The UK Government hasn’t learnt a thing from the Carillion failure!
In July 2018, the House of Commons Public Administration and Constitutional Affairs Select Committee met to consider public sector outsourcing and contracting following the Carillion collapse.
The Committee summarised in its report the current situation saying: “The UK Government spends £251.5 billion per year on outsourcing and contracting. The UK spends 13.7% of GDP on public procurement, which is not significantly different from countries such as Denmark (14.16%) or Germany (15.05%). Despite the UK leading innovation in this field for some 30–40 years, there has been a depressing inability of central government to learn from repeated mistakes and to some extent the collapse of Carillion and the state of the sector reflects this.”
“The Carillion failure reflects long term failures of Government understanding about the design, letting and management of contracts and outsourcing.”
Public sector procurement of goods, services and works is wedded to the framework approach. This is a pre-agreement with a supplier or suppliers as a means of setting out terms and conditions for making specific purchases, known as ‘call offs’. In other words, awarding contracts.
Government departments must also adhere to Official Journal of the European Union (OJEU) thresholds when awarding contracts.
The upper OJEU limits for the UK are currently set at:
- £118,133 for Central Government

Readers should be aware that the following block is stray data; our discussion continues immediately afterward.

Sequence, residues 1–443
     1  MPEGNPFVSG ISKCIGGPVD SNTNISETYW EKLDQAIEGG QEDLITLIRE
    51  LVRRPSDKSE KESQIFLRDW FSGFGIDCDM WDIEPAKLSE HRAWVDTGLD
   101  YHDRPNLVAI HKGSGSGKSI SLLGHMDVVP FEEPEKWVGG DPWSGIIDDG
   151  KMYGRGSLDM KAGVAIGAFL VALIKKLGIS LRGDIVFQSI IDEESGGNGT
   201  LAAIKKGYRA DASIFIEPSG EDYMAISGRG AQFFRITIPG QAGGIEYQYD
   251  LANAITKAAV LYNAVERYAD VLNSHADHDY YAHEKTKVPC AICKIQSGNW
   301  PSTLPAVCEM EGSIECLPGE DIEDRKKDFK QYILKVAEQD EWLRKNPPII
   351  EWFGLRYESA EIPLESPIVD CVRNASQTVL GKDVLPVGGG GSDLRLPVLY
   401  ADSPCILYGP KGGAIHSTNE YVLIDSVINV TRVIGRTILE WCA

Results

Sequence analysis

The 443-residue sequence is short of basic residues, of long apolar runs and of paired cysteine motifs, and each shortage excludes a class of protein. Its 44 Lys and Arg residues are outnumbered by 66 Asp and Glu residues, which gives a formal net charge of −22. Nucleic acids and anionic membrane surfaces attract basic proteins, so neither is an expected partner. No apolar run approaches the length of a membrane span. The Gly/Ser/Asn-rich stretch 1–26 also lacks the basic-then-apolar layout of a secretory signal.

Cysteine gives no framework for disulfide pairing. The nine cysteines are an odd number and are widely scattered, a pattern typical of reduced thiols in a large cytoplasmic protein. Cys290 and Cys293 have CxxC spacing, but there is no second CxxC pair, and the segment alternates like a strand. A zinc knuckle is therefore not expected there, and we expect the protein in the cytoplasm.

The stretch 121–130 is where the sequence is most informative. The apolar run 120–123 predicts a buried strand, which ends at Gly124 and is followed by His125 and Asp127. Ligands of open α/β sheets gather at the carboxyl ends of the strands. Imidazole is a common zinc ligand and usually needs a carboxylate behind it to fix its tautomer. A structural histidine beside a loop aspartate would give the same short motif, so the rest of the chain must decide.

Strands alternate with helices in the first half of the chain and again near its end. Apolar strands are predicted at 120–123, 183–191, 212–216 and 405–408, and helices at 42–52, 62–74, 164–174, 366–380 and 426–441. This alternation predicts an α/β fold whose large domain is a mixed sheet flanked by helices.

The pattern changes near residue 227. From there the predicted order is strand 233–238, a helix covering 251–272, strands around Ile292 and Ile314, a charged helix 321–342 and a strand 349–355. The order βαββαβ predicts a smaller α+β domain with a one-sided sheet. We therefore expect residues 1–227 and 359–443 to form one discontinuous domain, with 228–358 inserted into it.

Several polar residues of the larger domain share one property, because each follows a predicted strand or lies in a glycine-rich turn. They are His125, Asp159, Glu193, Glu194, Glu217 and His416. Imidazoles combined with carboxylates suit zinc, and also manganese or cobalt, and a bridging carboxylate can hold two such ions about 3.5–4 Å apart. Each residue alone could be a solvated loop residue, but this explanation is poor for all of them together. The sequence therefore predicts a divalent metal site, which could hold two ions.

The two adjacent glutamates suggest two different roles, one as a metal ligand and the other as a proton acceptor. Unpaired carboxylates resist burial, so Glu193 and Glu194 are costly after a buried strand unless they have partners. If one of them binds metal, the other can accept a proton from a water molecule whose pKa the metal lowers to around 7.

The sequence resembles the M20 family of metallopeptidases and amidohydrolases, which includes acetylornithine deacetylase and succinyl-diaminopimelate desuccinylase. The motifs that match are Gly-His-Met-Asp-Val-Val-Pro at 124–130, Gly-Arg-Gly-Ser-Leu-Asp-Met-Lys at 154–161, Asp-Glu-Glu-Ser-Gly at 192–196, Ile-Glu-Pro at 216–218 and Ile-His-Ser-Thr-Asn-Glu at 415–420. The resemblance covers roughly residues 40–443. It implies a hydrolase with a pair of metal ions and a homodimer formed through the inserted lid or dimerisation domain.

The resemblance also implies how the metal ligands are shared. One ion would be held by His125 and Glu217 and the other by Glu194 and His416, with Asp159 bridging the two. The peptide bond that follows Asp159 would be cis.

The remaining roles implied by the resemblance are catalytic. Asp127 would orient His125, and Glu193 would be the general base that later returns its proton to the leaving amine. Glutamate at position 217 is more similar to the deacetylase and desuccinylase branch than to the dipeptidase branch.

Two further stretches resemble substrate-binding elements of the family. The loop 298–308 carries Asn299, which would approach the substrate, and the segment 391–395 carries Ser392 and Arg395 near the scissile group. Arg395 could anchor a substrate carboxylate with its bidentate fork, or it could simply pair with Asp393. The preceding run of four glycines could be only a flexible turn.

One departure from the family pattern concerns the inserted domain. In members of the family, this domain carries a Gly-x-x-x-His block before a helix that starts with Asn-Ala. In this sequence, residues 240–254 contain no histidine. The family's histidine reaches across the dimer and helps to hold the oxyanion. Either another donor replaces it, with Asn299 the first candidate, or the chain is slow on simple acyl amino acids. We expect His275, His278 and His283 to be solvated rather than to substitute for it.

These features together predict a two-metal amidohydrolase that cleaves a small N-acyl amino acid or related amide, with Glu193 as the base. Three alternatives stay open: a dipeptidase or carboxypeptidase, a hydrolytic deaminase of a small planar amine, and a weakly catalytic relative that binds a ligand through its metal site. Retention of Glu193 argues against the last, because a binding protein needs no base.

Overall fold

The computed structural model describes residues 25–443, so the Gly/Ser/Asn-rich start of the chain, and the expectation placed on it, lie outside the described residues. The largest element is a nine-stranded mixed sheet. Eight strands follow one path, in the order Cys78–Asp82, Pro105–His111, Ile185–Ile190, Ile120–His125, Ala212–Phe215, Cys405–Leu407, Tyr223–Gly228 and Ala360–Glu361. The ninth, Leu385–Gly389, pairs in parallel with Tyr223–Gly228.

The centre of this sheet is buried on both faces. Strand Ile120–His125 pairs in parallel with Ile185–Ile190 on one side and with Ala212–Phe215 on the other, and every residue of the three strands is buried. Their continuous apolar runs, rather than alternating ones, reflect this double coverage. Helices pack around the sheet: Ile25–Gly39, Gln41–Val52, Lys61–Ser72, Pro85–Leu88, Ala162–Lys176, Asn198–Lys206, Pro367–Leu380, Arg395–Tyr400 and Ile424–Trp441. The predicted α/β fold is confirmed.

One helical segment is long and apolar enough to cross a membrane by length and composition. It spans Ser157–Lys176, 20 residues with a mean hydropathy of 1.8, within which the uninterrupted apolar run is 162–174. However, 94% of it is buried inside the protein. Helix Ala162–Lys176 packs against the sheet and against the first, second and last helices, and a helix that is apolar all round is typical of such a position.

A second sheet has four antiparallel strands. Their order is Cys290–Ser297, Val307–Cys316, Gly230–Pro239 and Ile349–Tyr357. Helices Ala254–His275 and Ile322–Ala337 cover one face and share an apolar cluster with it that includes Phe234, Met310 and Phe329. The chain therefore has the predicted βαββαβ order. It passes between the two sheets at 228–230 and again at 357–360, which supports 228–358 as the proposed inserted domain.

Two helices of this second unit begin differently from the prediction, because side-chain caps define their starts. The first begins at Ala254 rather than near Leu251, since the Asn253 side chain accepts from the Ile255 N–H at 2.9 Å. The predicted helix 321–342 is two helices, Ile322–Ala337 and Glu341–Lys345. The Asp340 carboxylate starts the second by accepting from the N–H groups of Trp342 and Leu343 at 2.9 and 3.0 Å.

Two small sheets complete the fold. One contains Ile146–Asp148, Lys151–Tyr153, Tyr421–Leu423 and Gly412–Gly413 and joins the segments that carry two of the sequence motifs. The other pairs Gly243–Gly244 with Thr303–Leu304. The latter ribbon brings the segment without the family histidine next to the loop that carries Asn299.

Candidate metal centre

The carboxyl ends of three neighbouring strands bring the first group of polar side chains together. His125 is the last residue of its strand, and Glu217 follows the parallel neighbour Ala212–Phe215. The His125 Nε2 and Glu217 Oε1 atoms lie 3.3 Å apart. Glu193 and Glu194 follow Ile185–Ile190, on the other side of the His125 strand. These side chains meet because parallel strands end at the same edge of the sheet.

- £363,424 for Defence and security
- £181,302 for other contracting authorities
- £65,630 for small lots.
Anything above these thresholds require the contract to awarded via an EU/OJEU compliant route to market. This opens the playing field to UK and European companies. All public-sector contracts are decided on a ‘most economically advantageous’ basis.
The framework approach can look attractive. Get a large key supplier on-board, to coordinate the various ‘disciplines’ by agreeing to the terms and conditions, or with some contractual terms already agreed. This saves time when calling off. There is hope of better value from suppliers in return for a place on the framework. The downside is the procurers get locked in to one lead supplier. Often being large firms they are more expensive than using a range of smaller niche suppliers, who could work direct. As seen with the Carillion failure, if the key supplier goes under, the whole house of cards comes tumbling down.
At the end of May, Homes England launched the procurement of its new Multidisciplinary and Technical Services Frameworks. It claimed ‘these would broaden the range of technical and design services available to support Homes England’s and other public bodies’ work to accelerate the supply of new homes’. As indicated above, getting onto a framework is normally only feasible for a large company given the cost and amount of work involved. And Homes England has stated that it will make the frameworks available to other public sector bodies, like local authorities, free of charge; to help them procure specialist technical services and develop homes for their residents. Previous frameworks have been used by over 300 other public bodies.
The Multidisciplinary Technical Services Framework will provide technical and engineering, master planning, planning, design, project and cost management services – everything except asbestos building services. Worth £150m it will have 15 framework members coordinated by one major supplier.
Given the fact that a few large suppliers will gain the ability to supply their goods and services on a national basis it effectively excludes SME businesses because their local authorities will probably be using the national framework. And despite the failings identified by the Select Committee, post Carillion, the Homes England Multidisciplinary Framework is a recipe for more of the same.
You couldn’t make it up! Details can be found Here